We use cookies to improve your experience on our website. Accept | Find out more

x

Pool with a View

stay

Sofitel So Singapore

Backstory It’s easy to feel like royalty while swimming in the Sofitel So Singapore’s chic, golden rooftop pool, which overlooks the Central Business District. That regal touch is no coincidence—everything here is fit for a king. Opened in a landmark 1927 building last summer, the 134-room boutique hotel joins the French luxury brand Sofitel’s new So line, in which each property collaborates with a fashion industry icon. Following in the footsteps of such designers as Kenzo Takada in Mauritius and Christian Lacroix in Bangkok, Karl Lagerfeld adds his uniquely stylish touch here.

Design Notes Lagerfeld designed the signature “Lion’s Seal” logo, which shows up on everything from doorknockers to robes. The emblem honors the mythic origins of Singa Pura (“The Lion City” in Malay), founded on this spot after a Sumatran prince came across a lion—a sign of good fortune—here. Rooms pair 19th-century French decadence with local flair. Guests sleep under a faux “open” sky, thanks to ceiling light fixtures that call to mind the steel-and-glass cupolas Gustave Eiffel once created, and playful artworks include framed Pop Art portraits of Napoléon Bonaparte.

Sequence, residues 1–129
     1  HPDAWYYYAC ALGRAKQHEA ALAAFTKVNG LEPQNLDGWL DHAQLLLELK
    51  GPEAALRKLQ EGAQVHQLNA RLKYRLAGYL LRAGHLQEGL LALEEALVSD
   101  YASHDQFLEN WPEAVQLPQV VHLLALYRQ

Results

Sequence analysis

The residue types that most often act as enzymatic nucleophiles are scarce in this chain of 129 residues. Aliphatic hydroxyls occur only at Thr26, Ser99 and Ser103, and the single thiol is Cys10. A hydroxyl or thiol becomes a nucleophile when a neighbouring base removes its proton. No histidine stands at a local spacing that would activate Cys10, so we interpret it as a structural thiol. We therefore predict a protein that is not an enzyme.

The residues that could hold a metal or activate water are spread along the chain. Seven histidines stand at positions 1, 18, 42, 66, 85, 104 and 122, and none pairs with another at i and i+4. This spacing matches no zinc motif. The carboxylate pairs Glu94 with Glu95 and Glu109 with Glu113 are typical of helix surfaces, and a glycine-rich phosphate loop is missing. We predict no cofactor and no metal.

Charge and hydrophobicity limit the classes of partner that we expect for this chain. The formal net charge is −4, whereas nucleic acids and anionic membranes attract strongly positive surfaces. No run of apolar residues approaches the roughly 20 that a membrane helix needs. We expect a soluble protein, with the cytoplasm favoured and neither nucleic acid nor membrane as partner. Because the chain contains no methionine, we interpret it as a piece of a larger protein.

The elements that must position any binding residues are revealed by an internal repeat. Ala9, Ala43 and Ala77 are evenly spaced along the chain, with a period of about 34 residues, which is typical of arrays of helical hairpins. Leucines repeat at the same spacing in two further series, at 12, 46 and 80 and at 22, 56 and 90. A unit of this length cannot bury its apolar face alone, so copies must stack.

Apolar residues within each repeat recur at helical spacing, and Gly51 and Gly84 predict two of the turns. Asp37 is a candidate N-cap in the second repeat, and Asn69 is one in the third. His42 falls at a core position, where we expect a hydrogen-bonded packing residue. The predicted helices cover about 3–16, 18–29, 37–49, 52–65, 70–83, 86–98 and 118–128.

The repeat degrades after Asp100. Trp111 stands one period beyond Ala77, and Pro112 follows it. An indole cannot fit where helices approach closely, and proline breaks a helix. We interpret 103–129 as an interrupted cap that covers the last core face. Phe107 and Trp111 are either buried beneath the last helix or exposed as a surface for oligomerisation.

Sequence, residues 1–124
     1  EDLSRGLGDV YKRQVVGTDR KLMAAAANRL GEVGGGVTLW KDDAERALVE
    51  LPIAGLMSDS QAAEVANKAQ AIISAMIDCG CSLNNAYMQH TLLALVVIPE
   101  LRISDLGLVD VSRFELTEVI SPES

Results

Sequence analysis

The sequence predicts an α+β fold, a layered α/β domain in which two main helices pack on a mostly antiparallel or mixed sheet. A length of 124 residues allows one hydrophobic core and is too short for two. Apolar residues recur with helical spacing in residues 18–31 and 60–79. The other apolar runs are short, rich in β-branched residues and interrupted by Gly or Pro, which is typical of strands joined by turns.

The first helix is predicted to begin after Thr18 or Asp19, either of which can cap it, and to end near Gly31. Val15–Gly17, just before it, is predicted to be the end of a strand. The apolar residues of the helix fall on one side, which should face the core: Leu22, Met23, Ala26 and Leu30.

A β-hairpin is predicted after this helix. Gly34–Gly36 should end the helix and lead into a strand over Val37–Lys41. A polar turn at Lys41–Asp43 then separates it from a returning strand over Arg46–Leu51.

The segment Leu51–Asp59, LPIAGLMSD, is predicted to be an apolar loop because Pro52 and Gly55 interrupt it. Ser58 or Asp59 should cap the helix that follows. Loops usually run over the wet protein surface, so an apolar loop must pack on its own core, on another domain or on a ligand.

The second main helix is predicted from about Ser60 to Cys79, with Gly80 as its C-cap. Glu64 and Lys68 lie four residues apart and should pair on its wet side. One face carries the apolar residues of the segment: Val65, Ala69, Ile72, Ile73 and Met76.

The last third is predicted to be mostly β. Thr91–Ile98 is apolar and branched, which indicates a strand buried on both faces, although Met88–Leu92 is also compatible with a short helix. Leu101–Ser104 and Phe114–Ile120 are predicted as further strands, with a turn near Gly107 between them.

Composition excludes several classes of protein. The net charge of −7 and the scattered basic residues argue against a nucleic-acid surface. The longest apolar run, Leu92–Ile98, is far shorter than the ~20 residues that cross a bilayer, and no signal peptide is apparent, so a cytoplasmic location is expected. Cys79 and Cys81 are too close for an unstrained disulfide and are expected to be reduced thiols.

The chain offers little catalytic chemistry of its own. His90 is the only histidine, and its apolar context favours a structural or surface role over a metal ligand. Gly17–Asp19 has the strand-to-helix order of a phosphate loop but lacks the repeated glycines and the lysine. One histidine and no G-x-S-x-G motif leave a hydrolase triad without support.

Hot Dish Helmed by one of the city’s only female hotel executive chefs, Anne-Cecile Degenne, the chic Xperience restaurant features a lineup of decadent fusion dishes, like lobster and scallop laksa risotto, chipotle chili crab tacos, and foie gras and truffle siew mai. (Grab a seat near the exposed kitchen to watch Degenne at her custom-made, rose-gold Molteni oven.) The East-meets-West vibe extends to the cocktail menu in tipples like the #35, which takes its name from the hotel’s street address and is made with Tanqueray 10 gin, Pierre Ferrand 1840 Cognac and pandan syrup.

What You’ll Find Just Outside Just a few steps from the hotel’s front door is the 19th-century Lau Pa Sat (“Old Market”), a traditional food hall that is such a local legend it was actually named a national landmark in 1973. The distinctive octagonal space—with its cathedral-like arches, slender columns and wrought-iron filigree work—was designed by British architect George Coleman, the brains behind much of the city’s civil engineering. These days, the market is the perfect spot to try Singaporean delicacies such as Hainanese chicken rice, satay and Tiger Beer.

VISIT WEBSITE

Leave your comments